After about three-and-a-half hours, DVD-to-PPC converted my 2 hour, 41 minute DVD movie down to a 504MB Windows Media Player file ready to be copied to the Axim. The 100-minute movie took just about two hours to convert. The software puts the converted file on your desktop. If it can discern the movie’s name, it will appropriately label the final result. If not, it will name the output My Video.
At this point, it would be wise to empty your recycling bin and any enhancements to it like Norton Recycling Bin, especially if you used Cyberspeed. While DVD-to-PPC deletes most of its huge temporary files when finishing, these files will still take up disk space in the recycling bin. 4GB of files in your bin, or more if you convert multiple videos, can really take a bite out of your free disk space. You will first need to delete the temporary Cyberspeed files from \Video TS\ directory in the root directory of your hard drive.
As you might expect, DVD-to-PPC takes all the CPU time available and that’s no exaggeration. I monitored the conversion process, and the program routinely took every otherwise-unused percentage of the CPU’s time. The screenshot shows 90% for DVD-to-PPC with the CPU usage pegged at 100%. Expect that as the norm. Other process and applications can run during the conversion, but expect them to be very sluggish. Of course, the more CPU time available to the conversion process, the faster it will finish. The program’s memory footprint peaked at around 120MB in RAM.
DVD-to-PPC may be skinned. Makayama offers additional skins on their website.
If the user disables Cyberspeed on the Setup screen available from the Options menu, then additional settings become available. You may choose to convert special features on the DVD, including camera angles if available, either grouped together in one file or separated into individual files. If the converted video has issues with audio/video synchronization, special processing may be selected and tested. Special corrections are also available for TV shows that exhibit line doubling effects. For testing purposes, I didn’t change any of these default options so as to provide a direct comparison of output quality with and without Cyberspeed.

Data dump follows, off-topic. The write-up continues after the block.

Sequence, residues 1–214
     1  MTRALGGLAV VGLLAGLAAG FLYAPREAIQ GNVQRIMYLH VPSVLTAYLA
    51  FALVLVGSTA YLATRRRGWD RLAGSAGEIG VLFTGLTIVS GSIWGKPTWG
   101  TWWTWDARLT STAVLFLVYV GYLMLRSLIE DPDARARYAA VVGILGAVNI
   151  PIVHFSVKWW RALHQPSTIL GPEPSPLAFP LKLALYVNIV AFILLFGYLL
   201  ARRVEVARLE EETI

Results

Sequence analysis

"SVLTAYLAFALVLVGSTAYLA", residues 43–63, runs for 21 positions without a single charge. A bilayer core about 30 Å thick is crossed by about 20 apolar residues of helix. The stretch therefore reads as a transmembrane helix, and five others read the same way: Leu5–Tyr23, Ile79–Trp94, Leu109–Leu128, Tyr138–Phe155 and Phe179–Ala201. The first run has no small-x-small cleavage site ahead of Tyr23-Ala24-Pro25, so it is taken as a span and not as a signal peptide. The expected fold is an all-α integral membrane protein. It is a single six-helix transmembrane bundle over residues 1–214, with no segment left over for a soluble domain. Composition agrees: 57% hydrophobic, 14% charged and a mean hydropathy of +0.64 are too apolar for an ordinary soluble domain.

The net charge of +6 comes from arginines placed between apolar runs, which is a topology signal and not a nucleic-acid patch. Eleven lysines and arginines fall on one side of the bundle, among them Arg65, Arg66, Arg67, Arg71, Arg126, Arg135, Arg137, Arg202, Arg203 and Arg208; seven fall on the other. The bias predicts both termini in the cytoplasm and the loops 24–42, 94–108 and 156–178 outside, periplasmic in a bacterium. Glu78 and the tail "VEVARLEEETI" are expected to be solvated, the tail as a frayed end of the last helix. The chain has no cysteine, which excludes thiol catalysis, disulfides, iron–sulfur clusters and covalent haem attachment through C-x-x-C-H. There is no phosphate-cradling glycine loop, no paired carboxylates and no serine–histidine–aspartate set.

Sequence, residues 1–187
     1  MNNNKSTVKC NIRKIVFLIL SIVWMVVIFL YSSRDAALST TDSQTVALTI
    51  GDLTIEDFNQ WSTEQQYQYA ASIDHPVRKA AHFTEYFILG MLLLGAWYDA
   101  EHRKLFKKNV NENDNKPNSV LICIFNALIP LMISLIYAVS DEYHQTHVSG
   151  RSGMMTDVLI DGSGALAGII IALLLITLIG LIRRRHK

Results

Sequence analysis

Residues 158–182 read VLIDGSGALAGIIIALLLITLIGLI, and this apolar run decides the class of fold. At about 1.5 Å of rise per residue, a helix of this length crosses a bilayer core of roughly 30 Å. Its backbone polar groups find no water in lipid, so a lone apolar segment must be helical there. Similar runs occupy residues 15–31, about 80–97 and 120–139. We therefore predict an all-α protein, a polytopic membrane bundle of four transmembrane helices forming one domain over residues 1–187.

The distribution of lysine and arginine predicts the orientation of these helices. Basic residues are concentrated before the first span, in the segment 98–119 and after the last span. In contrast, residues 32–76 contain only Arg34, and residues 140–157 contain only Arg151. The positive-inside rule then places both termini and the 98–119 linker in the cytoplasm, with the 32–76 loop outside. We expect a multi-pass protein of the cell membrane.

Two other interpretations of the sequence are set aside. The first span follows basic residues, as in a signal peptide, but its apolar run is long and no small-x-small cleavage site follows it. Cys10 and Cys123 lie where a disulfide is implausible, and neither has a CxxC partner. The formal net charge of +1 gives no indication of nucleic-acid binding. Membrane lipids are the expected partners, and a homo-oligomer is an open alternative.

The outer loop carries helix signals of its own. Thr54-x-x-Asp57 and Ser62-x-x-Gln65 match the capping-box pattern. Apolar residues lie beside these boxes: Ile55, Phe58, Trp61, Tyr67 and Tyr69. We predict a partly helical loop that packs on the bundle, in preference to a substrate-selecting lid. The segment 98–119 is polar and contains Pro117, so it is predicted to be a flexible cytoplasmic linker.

Without Cyberspeed, DVD-to-PPC provides a running tally of frames read, the instantaneous frame rate reading, times involved, and the instantaneous temporary hard disk space used. Copying averaged 13 frames per second, so with 299,970 frames in a typical 100-minute movie, you can do the math on the time required for step one—384 minutes or 6 hours and 24 minutes, which DVD-to-PPC accurately calculated and displayed. And that’s just the first step. Ouch!
The progress screen for step two of the conversion looks about the same with and without Cyberspeed. The progress without Cyberspeed is measured in seconds of video. As such, one can more readily discern the status and time remaining. The progress bar provides overall progression as step two takes place in one large piece.
As a benchmark, I converted The Good, The Bad, and The Ugly with the free FairUse Wizard 2 Light Edition using the same constraints as for DVD-to-Pocket PC. FairUse presents a more technical and flexible approach than DVD-to-Pocket PC and is targeted at a different audience—primarily to backup your expensive DVDs to CDs. The FairUse conversion used a two-step process which produced excellent results in about seven hours. I tailored the output file to come out with the same screen format as the input video, and the result weighed in at 506MB.
The DVD-to-PPC software operated smoothly during all conversions. The program proceeds automatically to completion once the user clicks the Action button. I did not note any execution issues with the program other than the one termination after step one, but the program picked up exactly where it left off once restarted. That only happened once in over a dozen conversions run for this review.
For the 161-minute movie, I set DVD-to-PPC to conversion for VGA and a 512MB card. The file version with Correct Stretching set came out to about 400MB in about 3.5 hours—about half the time of the benchmark. The conversion with identical parameters but set to keep the original movie format came in at 362MB, but it looked like exactly the same screen format as the stretched version. The original movie was in letter box format, so I’m not sure why it wasn’t converted that way.